I remember one morning after leaving work, I was driving and praying out loud. This was during the time when I was becoming deeper into my Muslim faith and I was seeking a lot of guidance. I still had a lot of battles I was fighting within myself and my environment. I had decided then that soon enough I would wear the hijab consistently, but I just needed a little more time.
My decision to wear hijab wasn’t only for myself, it was deeper than that. Number one, I wanted to do it for God’s pleasure. Secondly, wearing hijab would allow me to take a step further and fully embrace Islam and become a better person by doing so. From that point, I began mentally preparing myself to become a hijabi.
Selfies wearing a turban headwrap, taken December 2014
In December of 2014, I began regularly covering my hair in public by wearing turban headwrap styles when I wasn’t at work. Since it was pretty cold, I would just wear winter hats on the job. Wearing a turban in public wasn’t so odd because it wasn’t like I had never wrapped my hair before. With me being of African descent, people wouldn’t know if I was just expressing some African style or just having a bad hair day.
Only I knew that I was preparing myself to cover my head in public, long-term. Wearing a turban is still an option for me on some days. Many Muslim women wear turban styles as an alternative, which some Muslims dispute is not the same as hijab. Either way, it is up to the woman to decide how she chooses to present herself.
Selfie taken wearing a black turban, December 2014
Fully Embracing Hijab
At the end of January 2015, I knew that I’d soon be leaving my job because I would be preparing to relocate to California. Almost immediately after I resigned, I began to fully embrace the hijab. I knew that between that point and when arrived in California I could begin my new journey as a hijabi. At first, when I began wearing hijab out in public, I was a bit self conscious because I knew that people who were used to seeing me without it would notice the changes.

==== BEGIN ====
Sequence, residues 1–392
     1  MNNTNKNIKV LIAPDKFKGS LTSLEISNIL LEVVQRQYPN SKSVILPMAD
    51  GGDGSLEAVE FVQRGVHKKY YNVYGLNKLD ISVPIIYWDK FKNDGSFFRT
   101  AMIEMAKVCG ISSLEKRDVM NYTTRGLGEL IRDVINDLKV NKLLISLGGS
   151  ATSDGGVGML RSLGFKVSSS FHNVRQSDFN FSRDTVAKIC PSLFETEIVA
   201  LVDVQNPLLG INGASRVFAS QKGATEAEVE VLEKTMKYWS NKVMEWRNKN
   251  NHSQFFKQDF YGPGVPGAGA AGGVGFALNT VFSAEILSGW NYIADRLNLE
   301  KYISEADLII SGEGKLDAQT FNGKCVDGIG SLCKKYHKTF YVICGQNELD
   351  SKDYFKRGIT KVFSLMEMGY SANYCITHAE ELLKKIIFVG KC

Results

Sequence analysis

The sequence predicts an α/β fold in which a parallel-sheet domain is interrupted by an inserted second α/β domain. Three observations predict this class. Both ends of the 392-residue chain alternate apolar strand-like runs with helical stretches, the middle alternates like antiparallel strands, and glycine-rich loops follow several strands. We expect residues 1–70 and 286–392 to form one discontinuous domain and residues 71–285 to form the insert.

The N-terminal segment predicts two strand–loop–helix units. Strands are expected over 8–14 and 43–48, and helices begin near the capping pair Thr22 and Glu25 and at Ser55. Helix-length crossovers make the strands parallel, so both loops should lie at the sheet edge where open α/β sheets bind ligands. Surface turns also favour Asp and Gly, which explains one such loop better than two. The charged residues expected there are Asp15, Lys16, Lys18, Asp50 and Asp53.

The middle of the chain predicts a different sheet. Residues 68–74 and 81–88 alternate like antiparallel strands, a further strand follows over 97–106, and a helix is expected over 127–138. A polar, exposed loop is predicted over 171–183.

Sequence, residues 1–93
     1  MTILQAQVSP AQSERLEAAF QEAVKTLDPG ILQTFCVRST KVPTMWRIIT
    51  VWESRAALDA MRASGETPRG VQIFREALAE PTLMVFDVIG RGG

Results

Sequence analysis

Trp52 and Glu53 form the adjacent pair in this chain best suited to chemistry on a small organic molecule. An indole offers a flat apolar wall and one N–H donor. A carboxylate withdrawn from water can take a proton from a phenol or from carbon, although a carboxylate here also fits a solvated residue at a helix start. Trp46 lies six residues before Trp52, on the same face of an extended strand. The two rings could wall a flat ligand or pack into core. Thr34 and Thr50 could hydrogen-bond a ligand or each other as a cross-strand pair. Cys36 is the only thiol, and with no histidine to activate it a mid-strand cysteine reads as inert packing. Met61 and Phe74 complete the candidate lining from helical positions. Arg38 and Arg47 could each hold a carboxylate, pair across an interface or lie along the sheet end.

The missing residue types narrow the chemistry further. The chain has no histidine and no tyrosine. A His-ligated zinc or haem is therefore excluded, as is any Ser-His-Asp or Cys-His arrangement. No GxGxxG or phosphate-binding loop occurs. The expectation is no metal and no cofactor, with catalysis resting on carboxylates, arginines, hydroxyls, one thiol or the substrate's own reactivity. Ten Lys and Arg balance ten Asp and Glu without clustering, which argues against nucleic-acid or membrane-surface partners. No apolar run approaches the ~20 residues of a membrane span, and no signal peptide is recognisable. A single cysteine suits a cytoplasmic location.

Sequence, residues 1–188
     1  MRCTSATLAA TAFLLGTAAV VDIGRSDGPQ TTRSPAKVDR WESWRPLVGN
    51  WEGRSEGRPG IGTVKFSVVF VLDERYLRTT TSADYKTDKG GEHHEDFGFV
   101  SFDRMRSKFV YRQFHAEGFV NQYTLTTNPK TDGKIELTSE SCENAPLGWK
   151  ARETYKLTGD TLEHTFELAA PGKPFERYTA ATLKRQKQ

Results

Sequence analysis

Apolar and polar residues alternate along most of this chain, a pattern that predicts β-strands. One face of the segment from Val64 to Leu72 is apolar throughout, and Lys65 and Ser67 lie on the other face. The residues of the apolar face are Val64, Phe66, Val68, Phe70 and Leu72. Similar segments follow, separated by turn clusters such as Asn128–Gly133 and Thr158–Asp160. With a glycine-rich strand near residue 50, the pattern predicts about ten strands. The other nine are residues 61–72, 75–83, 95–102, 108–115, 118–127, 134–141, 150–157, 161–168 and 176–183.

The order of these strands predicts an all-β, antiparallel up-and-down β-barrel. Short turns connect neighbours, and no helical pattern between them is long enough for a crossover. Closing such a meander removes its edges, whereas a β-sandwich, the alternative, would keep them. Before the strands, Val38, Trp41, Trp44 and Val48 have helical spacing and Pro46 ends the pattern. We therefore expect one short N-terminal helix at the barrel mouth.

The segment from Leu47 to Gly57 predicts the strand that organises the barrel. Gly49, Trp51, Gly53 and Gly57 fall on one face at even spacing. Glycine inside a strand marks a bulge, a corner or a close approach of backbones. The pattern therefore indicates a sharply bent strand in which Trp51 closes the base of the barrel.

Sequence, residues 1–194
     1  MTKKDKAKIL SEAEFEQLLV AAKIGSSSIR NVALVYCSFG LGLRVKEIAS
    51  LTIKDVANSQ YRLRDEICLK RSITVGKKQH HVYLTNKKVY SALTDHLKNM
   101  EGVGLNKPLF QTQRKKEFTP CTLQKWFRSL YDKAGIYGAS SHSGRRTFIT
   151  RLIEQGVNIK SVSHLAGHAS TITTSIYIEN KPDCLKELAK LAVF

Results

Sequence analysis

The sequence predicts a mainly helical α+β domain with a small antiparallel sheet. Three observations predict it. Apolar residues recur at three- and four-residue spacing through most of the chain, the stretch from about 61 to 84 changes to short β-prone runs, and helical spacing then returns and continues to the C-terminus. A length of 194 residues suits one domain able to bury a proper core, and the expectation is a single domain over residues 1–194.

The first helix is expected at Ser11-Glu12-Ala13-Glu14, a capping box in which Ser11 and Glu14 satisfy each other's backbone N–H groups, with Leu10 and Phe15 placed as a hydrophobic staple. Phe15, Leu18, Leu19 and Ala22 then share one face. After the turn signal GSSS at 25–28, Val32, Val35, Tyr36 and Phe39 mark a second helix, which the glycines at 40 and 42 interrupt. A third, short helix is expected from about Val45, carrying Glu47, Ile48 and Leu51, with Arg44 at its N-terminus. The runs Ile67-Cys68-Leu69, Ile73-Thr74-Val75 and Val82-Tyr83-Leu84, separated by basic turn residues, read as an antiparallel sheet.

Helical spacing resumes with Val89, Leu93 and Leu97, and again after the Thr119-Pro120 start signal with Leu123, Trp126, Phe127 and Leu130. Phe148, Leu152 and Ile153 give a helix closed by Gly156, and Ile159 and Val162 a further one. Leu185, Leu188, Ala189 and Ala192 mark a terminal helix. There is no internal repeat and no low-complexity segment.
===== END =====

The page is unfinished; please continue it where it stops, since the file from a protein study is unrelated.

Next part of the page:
Living on the southeast side of Wichita, Kansas, I remember being the only hijabi I would ever see in my area. Most Muslims in Wichita live on the northeast side of town, near the Islamic Center or the University. It is mostly in those areas where you would see women wearing the hijab. I felt self conscious not because I was ashamed of being Muslim, but I wasn’t ready to engage in any conversations about my Muslim identity. To my surprise, not many people whom I came into contact with said anything. It was my own family who had the biggest reaction to my hijab. However, now I think that just about everyone has grown to accept it and has gotten used to it.
A selfie I took with my nephew Khalil last spring, 2015
Wearing hijab isn’t only about covering your hair. Hijab is part of a complete package that represents who you are as a person. It is your outer presence as well as your inner qualities, your speech, behavior, and most importantly your closeness to God. In Islam, there is an Arabic term called ‘awrah‘, which is any part of the body, for both men and women, that should not be visible to the public.
For Muslim women, the goal of hijab is modesty and drawing attention to your inner attributes and characteristics, not your physical assets. So with my decision to wear hijab also came a wardrobe transformation. Short shorts, tight skirts, dresses, halter tops, and other revealing clothing was no longer something that I wanted to wear, because I understood that these were not acceptable for Muslimahs. I have donated and given away probably over 100 pieces of clothing during this transformation.
“Social Media Reset”
Something that also came with wearing the hijab was what I call a “social media reset”. It makes little sense to walk around wearing hijab and dressing modestly and having loads of pictures online that portray the opposite. This is an inconsistency. So I slowly began removing photos from my Instagram and other online profiles that were “un-Muslimah like”.
This was a slow process because I had attachments to a lot of my photos, especially those with lots of likes, but then I remembered that this was the entire purpose of wearing hijab. It was no longer about showing off my beauty and seeking the attention or approval of others, it was about my relationship with Allah and maintaining a heightened sense of modesty.
Some of my first selfies taken after becoming a hijabi, January 2015
Hiding Your Hair?